1. Truly is the "little giant" of this book, yet her size seems to make her less, rather than more, visible to the town around her. Can you explain this phenomenon? What do you think the author is trying to say about her outsider status?
     
  2. Serena Jane and Truly are as physically different as sisters can be, yet Truly sees that this difference is crucial, explaining "the reason the two of us were as opposite as sewage and spring water, I thought, was that pretty can't exist without ugly." (pp. 97-98) How would you describe Truly and Serena's connection? How is it different from Truly's relationship with Amelia Dyerson? Which seems the more genuine sisterhood to you?
     
  3. As the ...
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Reviews

BookBrowse Review

BookBrowse

The Little Giant of Aberdeen County is compulsively readable and likely to garner a lot of popular attention. It's sure to find its way onto book club agendas, as its themes provide ample opportunities for discussion and its fast-moving plot will appeal to a wide variety of readers.

A note to those looking to find, or avoid, magical elements in the books they choose to read: Many reviews mention "magic" as a plot element in The Little Giant of Aberdeen County. This is a bit deceiving. Truly is inspired by a woman who was rumored to be a witch because she was so adept at healing with herbs, and this is where the supposed magic comes into the story; but there's no element of the fantastic...continued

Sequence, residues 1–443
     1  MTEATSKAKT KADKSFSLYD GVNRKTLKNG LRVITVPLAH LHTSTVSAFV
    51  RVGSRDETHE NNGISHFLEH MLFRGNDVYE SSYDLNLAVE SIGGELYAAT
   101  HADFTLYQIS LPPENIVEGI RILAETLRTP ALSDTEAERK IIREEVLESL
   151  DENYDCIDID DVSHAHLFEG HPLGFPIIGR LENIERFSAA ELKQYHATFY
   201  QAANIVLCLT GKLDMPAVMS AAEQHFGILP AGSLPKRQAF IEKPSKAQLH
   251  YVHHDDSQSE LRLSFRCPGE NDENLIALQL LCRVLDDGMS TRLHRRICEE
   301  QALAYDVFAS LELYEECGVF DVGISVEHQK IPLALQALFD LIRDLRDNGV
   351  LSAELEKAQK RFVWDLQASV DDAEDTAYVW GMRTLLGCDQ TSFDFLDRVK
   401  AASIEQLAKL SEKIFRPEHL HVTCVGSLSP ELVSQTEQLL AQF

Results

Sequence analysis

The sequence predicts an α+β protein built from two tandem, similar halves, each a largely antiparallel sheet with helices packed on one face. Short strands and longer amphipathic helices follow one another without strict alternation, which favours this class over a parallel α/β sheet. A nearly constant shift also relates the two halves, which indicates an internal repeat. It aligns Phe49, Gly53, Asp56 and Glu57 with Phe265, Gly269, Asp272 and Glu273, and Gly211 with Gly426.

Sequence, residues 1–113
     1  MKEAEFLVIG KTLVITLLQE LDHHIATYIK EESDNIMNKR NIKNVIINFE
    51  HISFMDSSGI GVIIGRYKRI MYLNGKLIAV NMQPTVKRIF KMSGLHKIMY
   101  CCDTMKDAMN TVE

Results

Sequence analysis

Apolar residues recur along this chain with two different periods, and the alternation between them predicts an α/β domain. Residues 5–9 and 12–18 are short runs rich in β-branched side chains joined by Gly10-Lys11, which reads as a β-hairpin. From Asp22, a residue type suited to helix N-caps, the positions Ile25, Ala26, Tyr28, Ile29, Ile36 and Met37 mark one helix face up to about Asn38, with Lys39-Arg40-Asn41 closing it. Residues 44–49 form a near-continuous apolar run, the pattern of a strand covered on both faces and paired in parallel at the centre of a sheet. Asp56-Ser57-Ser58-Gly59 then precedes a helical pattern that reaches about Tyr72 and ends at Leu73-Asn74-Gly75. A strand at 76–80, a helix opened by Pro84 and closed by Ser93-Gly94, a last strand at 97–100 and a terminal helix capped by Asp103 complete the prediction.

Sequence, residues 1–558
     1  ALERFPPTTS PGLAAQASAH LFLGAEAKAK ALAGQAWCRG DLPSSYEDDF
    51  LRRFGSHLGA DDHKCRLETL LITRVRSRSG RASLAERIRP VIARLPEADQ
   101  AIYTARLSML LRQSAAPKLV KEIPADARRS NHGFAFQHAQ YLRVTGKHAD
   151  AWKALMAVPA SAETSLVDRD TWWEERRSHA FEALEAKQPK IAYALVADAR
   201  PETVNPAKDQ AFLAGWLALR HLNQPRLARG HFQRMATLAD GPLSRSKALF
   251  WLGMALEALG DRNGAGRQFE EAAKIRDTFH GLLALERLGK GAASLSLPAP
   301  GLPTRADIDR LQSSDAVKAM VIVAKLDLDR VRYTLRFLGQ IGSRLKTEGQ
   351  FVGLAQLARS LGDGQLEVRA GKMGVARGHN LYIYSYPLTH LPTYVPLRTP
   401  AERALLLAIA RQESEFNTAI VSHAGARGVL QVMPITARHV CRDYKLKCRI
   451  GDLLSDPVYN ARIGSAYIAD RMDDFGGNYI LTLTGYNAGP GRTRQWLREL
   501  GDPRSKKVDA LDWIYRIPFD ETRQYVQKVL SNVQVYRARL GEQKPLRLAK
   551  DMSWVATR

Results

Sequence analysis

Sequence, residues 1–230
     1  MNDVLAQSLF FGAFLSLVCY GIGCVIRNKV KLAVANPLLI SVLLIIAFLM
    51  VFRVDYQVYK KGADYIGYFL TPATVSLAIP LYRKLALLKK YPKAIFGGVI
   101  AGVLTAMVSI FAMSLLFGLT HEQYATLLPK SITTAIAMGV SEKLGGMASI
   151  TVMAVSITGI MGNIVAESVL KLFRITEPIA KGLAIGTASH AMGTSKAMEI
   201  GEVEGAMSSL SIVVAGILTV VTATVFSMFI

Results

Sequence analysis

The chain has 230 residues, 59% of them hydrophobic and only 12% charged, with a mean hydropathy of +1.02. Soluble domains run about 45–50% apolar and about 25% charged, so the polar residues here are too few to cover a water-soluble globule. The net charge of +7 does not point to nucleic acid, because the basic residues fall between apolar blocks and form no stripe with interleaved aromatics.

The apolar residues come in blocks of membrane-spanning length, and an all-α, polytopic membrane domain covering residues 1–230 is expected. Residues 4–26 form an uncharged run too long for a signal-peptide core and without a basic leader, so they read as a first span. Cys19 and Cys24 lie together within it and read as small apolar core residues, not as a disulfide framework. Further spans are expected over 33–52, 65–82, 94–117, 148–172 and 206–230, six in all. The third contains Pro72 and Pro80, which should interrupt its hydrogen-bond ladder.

Full Review (481 words)

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(Reviewed by Kim Kovacs).

Media Reviews

The Washington Post - Ron Charles
Baker knows how to spin an alluring plot...like a large bag of gothic potato chips, and once you start, you just can't stop.

Library Journal
An unforgettable heroine with a story that begs to be read and read again. Highly recommended.

Publishers Weekly
Starred Review. It's got all the earmarks of a hit - infectious and lovable narrator, a dash of magic, an impressive sweep and a heartrending but not treacly family drama.

Booklist
At times the town of Aberdeen ... seems a little too familiar. Overall, though, the novel charms and will find a devoted audience.

Reader Reviews

AMP

Surprisingly good
Great fiction. Never boring. Inspirational story.

Write your own review!

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Beyond the Book

Acromegaly

Truly Plaice, the protagonist of The Little Giant of Aberdeen County, is referred to as a "giant" even as a child. It is not until mid-way through the book that a physician provides the name of the disease that afflicts her: Acromegaly.

Acromegaly comes from the Latin acron, for extremity, and megas, meaning large. It was originally known as "Pierre Marie Disease" after the French neurologist who first correlated the clinical and pathological findings in 1886. The disease is rare, affecting about one in every 20,000 Americans.

The underlying cause is an over-secretion of growth hormone by the pituitary gland. In 90% of acromegaly cases, this is due to a benign tumor on the pituitary gland called a pituitary adenoma.

...